The agreements governing some of our indebtedness contain restrictions and covenants, including financial covenants, that limit or will limit our ability to operate our business. These covenants, as well as any additional covenants to which we may be subject in the future because of additional indebtedness, could cause us to forego investment opportunities, reduce or eliminate distributions to our common stockholders or obtain financing that is more expensive than financing we could obtain if we were not subject to the covenants. In addition, the agreements may have cross default provisions, which provide that a default under one of our financing agreements would lead to a default on some or all of our debt financing agreements.

The covenants and other restrictions under our debt agreements may affect, among other things, our ability to:

·

incur indebtedness;

·

create liens on assets;

·

sell or substitute assets;

·

modify certain terms of our leases;

·

prepay debt with higher interest rates;

·

manage our cash flows; and

·

make distributions to equity holders.

Additionally, these restrictions may adversely affect our operating and financial flexibility and may limit our ability to respond to changes in our business or competitive environment, all of which may materially and adversely affect us.

Our hedging strategies may not be successful in mitigating our risks associated with interest rates and could reduce the overall returns on an investment in our company.  

We attempt to mitigate our exposure to interest rate risk by entering into long‑term fixed-rate financing through the combination of periodic debt offerings under our unsecured debt program and STORE Master Funding program, our asset-backed securities conduit, through discrete non‑recourse secured borrowings, through insurance company and bank borrowings, by laddering our borrowing maturities and by using leases that generally provide for rent escalations during the term of the lease.  However, the weighted average term of our borrowings does not match the weighted average term of our investments, and the methods we employ to mitigate our exposure to changes in interest rates involve risks,

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including the risk that the debt markets are volatile and tend to reflect the conditions of the then‑current economic climate.  Our efforts may not be effective in reducing our exposure to interest rate changes.  Failure to effectively mitigate our exposure to changes in interest rates may materially and adversely affect us by increasing our cost of capital and reducing the net returns we earn on our portfolio.

We depend on the asset‑backed securities, or ABS, and the commercial mortgage‑backed securities, or CMBS, markets for a substantial portion of our long‑term debt financing.  

Historically, we have raised a significant amount of debt capital through our STORE Master Funding program, which accesses the ABS market, and, to a lesser extent, through our access to the CMBS market.  A substantial portion of the long‑term debt on our balance sheet has been obtained from debt offerings in the ABS and CMBS markets. This ABS debt is issued by bankruptcy remote, special purpose entities that we or our subsidiaries own.  These special purpose entities issue multiple series of investment‑grade ABS notes from time to time as additional collateral is added to the collateral pool.  Our CMBS debt is generally in the form of first mortgage debt incurred by other special purpose entities that we or our subsidiaries own.  Our ABS and CMBS debt is generally non‑recourse.  However, there are customary limited exceptions to recourse for matters such as fraud, misrepresentation, gross negligence or willful misconduct, misapplication of payments, bankruptcy and environmental liabilities.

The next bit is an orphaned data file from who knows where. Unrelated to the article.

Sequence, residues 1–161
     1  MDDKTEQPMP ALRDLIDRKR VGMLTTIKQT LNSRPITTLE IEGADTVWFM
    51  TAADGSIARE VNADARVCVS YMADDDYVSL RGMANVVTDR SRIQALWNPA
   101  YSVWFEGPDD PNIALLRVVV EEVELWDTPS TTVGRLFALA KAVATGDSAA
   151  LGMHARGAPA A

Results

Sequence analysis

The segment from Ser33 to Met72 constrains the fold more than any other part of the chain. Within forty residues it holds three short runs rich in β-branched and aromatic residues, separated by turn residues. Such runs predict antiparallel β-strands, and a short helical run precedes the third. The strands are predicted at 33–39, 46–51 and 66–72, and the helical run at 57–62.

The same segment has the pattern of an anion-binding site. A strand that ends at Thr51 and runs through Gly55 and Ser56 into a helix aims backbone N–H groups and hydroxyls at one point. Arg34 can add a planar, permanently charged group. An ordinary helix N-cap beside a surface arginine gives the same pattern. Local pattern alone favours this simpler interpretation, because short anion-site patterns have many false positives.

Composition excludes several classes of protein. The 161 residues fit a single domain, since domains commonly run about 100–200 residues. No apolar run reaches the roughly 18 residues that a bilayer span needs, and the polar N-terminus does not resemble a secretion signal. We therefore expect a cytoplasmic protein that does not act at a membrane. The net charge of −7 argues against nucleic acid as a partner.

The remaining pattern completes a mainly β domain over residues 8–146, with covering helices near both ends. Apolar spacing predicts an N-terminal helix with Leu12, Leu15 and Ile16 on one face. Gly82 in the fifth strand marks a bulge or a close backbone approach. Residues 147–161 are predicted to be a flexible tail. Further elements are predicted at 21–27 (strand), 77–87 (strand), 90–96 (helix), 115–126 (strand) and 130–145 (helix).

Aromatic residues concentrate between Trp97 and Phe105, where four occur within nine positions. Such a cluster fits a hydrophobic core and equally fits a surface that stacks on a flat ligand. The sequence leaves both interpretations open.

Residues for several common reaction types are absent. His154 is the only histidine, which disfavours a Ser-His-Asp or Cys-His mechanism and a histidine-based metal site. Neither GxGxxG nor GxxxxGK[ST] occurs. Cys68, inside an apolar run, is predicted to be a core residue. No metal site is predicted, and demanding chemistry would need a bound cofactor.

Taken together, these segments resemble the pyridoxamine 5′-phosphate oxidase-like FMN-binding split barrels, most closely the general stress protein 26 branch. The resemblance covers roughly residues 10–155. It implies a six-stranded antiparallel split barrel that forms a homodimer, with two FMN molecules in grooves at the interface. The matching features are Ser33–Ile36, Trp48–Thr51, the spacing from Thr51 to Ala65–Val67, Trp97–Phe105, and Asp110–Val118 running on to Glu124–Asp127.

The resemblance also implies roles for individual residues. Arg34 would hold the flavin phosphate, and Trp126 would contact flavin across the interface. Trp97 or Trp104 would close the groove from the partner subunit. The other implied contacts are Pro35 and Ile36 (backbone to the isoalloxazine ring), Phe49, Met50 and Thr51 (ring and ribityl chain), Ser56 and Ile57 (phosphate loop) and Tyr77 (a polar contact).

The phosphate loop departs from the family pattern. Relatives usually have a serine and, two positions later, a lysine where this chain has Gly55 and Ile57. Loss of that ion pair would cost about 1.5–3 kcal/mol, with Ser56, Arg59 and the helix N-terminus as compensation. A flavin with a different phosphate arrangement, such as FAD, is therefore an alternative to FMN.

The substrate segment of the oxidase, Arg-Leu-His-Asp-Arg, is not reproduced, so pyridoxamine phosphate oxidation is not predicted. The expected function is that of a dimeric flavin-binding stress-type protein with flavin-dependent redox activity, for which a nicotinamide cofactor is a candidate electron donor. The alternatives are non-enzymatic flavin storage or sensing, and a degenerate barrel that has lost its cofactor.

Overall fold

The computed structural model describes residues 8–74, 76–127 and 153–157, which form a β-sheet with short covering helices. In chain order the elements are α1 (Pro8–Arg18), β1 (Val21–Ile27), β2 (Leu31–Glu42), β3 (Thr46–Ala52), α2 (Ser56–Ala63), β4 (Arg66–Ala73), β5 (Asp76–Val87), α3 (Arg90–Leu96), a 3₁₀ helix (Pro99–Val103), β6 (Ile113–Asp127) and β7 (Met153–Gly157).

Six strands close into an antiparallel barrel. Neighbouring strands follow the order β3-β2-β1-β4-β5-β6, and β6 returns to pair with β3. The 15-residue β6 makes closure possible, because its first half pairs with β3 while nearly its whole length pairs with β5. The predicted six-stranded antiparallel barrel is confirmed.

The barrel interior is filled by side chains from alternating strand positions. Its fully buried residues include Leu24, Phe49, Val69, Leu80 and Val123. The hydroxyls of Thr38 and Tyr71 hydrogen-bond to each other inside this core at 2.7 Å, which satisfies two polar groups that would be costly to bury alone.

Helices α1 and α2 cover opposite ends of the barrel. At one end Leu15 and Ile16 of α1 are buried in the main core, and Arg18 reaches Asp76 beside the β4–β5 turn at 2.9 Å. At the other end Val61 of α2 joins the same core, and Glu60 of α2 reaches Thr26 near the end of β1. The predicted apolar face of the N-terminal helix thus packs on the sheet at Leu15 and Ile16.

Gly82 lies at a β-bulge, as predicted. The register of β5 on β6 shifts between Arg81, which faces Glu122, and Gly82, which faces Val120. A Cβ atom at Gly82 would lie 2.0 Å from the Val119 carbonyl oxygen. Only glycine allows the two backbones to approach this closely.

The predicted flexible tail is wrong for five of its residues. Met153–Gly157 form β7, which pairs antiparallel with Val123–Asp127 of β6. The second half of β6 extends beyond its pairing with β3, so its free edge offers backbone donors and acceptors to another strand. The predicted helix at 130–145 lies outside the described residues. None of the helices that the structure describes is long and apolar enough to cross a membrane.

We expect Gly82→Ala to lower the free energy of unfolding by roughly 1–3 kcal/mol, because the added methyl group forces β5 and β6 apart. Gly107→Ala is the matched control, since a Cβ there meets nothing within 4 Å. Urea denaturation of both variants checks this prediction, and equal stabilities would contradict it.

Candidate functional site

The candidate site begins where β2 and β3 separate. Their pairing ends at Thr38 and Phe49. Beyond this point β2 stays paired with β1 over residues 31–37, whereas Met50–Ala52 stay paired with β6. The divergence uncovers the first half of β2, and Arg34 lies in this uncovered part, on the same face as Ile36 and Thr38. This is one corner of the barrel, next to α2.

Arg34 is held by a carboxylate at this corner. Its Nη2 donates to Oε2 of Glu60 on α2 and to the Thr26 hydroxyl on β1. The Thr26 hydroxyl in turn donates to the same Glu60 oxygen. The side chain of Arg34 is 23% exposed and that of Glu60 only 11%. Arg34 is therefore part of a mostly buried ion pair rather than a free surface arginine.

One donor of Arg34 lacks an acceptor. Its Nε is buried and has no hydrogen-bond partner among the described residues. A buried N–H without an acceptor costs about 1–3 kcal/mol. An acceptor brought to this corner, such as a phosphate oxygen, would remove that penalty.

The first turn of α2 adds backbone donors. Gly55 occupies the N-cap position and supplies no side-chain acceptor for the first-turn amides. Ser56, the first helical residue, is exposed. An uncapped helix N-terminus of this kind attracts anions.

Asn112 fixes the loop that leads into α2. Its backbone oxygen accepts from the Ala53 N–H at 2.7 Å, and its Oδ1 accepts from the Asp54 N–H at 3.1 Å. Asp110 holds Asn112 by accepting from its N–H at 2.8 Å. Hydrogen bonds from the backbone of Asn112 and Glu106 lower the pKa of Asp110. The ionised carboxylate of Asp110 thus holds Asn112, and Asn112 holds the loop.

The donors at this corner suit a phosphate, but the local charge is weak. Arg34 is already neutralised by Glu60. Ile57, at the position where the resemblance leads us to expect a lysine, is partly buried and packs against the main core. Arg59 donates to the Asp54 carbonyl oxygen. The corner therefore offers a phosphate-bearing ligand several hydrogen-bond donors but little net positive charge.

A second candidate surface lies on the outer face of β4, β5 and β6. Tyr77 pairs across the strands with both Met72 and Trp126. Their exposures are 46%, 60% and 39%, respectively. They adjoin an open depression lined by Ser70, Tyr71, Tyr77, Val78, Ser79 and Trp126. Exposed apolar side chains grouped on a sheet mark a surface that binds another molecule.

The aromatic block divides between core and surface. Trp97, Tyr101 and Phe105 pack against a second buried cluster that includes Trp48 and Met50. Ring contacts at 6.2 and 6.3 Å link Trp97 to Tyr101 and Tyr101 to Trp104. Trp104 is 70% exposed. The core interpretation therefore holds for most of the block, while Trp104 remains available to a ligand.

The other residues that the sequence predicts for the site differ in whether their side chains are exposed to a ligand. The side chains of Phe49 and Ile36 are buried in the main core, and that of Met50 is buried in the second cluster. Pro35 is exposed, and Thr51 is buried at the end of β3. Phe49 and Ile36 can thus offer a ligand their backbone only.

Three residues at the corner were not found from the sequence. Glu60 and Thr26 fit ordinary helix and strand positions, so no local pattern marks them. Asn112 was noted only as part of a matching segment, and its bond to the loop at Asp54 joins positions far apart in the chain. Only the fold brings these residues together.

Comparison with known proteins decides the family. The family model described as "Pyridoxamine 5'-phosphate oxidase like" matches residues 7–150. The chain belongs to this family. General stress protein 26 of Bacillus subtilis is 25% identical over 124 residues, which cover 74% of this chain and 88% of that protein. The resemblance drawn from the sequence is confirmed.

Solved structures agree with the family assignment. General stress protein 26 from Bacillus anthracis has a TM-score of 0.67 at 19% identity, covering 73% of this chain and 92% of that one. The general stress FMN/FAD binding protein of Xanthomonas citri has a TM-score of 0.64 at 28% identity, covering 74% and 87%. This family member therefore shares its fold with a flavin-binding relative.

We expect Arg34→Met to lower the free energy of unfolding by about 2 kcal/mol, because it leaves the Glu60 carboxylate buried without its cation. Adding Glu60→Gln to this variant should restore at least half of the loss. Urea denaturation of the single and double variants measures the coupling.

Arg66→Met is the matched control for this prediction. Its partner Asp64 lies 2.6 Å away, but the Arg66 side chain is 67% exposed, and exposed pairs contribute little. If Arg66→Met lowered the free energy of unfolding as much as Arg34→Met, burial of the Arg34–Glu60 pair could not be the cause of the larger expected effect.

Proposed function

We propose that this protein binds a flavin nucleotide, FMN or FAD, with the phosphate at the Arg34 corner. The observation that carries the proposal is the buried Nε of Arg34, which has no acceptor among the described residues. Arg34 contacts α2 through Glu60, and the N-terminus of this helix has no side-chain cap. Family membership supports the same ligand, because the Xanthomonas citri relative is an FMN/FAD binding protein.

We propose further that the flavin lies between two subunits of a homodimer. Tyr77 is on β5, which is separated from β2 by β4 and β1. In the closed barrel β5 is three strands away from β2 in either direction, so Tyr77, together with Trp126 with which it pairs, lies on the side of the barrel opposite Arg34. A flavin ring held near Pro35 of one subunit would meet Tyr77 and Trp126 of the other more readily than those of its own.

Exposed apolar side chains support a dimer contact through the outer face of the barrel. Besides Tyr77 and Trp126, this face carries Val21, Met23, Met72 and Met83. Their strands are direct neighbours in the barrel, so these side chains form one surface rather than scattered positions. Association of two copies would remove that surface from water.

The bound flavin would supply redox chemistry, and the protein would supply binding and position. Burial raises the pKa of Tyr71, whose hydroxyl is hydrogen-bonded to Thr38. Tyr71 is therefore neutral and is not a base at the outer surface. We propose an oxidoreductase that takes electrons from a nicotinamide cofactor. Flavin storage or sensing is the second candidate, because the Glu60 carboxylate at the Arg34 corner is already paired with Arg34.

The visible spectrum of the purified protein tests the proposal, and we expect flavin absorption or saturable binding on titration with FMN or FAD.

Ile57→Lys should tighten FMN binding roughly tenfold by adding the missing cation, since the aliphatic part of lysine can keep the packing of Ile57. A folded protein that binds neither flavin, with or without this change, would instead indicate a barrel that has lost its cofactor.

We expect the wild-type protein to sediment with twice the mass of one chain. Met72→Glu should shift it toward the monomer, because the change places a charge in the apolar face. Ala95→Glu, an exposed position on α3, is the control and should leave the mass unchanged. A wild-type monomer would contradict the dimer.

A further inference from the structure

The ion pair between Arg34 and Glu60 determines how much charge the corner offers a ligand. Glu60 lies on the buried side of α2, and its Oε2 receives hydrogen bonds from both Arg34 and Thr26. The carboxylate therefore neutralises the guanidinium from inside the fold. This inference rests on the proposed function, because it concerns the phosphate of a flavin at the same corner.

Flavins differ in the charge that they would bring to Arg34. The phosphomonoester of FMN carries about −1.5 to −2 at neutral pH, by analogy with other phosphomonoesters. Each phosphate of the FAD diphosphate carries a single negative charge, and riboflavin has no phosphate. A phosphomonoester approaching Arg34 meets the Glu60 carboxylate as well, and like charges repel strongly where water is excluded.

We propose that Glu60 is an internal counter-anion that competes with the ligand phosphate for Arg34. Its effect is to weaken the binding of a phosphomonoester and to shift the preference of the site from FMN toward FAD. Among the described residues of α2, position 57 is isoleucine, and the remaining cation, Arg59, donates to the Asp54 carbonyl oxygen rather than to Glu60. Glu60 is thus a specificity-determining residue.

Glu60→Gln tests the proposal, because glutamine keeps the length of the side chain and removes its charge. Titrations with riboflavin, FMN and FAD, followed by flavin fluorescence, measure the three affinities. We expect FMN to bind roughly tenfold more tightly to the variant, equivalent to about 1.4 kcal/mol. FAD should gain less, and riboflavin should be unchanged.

We have generally used the proceeds from these ABS and CMBS financings to repay debt and fund real estate acquisitions.  Through December 31, 2017, we had issued seven series of notes under our STORE Master Funding program; an aggregate principal balance of $1.5 billion is outstanding as of December 31, 2017 representing six series of notes.  Collectively these notes are referred to as the “Master Trust Notes” and had a weighted average maturity of six years, as of December 31, 2017. In addition, we had CMBS and other mortgage loans with an aggregate outstanding principal balance of $232 million and an average maturity of six years, as of December 31, 2017.  Our obligations under these loans are generally secured by liens on certain of our properties. In the case of our STORE Master Funding program, subject to certain conditions and limitations, we may substitute real estate collateral for assets in the collateral pool from time to time.  No assurance can be given that the ABS or the CMBS markets will be available to us in the future, whether to refinance existing debt or to raise additional debt capital. Moreover, we view our ability to substitute collateral under our STORE Master Funding program favorably, and no assurance can be given that financing facilities offering similar flexibility will be available to us in the future.